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Why it has become more difficult to predict Nobel Prize winners: a bibliometric analysis of nominees and winners of the chemistry and physics prizes (1901–2007)

Abstract

We propose a comprehensive bibliometric study of the profile of Nobel Prize winners in chemistry and physics from 1901 to 2007, based on citation data available over the same period. The data allows us to observe the evolution of the profiles of winners in the years leading up to—and following—nominations and awarding of the Nobel Prize. The degree centrality and citation rankings in these fields confirm that the Prize is awarded at the peak of the winners’ citation history, despite a brief Halo Effect observable in the years following the attribution of the Prize. Changes in the size and organization of the two fields result in a rapid decline of predictive power of bibliometric data over the century. This can be explained not only by the growing size and fragmentation of the two disciplines, but also, at least in the case of physics, by an implicit hierarchy in the most legitimate topics within the discipline, as well as among the scientists selected for the Nobel Prize. Furthermore, the lack of readily-identifiable dominant contemporary physicists suggests that there are few new paradigm shifts within the field, as perceived by the scientific community as a whole.

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Notes

  1. Centrality is defined as Freeman’s degree centrality of authors in a co-citation network (Freeman 1977/1978). It is equal to the total number of links an author has with all other authors in a network of co-citations.

  2. Although we have analyzed the data for the Nobel Prize in physiology and medicine, we chose not to include them in this paper. The citation patterns and statistics observed are very different from those in physics and chemistry. Prizes in physiology and medicine seem to depend more often on practical applications and seem less dependant on highly cited published “discoveries” than they are in physics and chemistry. Citation data are thus even less predictive of Nobel in physiology and medicine than they are in Physics and Chemistry.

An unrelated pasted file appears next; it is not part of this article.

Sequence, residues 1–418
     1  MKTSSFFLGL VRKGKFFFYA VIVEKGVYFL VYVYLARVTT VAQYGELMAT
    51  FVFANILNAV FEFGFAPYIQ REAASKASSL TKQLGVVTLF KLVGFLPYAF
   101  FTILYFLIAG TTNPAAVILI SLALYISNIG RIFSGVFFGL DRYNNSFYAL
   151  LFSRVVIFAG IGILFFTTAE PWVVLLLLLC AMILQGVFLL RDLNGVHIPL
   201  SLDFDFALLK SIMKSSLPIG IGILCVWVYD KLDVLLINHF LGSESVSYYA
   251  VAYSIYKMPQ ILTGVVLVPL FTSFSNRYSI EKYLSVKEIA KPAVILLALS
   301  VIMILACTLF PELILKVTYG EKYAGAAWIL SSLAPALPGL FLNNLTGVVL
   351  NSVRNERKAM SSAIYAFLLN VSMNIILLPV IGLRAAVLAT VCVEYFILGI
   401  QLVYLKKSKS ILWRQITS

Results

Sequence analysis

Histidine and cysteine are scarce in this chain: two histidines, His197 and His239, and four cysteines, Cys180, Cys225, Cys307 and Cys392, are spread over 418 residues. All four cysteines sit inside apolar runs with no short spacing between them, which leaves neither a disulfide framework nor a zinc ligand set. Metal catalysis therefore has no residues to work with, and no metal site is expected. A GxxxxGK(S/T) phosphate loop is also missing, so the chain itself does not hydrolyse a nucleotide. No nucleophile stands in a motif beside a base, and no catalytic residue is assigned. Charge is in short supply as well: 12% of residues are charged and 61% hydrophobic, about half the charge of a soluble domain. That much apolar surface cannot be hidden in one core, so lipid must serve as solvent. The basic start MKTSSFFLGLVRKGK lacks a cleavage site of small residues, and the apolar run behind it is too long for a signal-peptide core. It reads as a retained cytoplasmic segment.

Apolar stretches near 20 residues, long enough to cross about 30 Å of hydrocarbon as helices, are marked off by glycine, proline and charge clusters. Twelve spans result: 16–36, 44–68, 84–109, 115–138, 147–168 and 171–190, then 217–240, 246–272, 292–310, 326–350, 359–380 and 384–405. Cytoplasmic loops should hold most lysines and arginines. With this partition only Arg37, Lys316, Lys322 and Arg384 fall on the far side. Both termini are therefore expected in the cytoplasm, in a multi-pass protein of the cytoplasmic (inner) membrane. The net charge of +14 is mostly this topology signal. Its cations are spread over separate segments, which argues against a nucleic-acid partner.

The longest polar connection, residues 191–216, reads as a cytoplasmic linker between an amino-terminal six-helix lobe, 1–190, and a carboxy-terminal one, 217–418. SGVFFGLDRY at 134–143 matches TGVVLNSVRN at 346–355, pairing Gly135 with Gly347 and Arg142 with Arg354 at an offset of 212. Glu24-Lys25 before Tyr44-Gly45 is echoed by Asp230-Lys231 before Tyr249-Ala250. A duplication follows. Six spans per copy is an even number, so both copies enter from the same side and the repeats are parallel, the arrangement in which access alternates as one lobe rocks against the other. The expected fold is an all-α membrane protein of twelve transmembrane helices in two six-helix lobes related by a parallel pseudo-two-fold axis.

3. These experiments demonstrated the electron’s energy levels and thus supported Bohr’s atomic model. Bohr himself had won the Nobel Prize for his model only three years earlier, in 1922.

  4. The results using citation and centrality rankings being similar, we have omitted the latter from the graphs.

  5. The PACS numbers were originally developed by the American Institute of Physics as a way to identify and distinguish between different subfields of physics. They are now widely used within the discipline.

  6. The prize was shared between Davis and Koshiba for the detection of cosmic neutrinos, and Giacconi for work leading to the detection of cosmic X-ray sources.

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Correspondence to Matthew L. Wallace.

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Gingras, Y., Wallace, M.L. Why it has become more difficult to predict Nobel Prize winners: a bibliometric analysis of nominees and winners of the chemistry and physics prizes (1901–2007). Scientometrics 82, 401–412 (2010). https://doi.org/10.1007/s11192-009-0035-9

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Keywords

  • Nobel Prize
  • Citation
  • Centrality
  • Scientific disciplines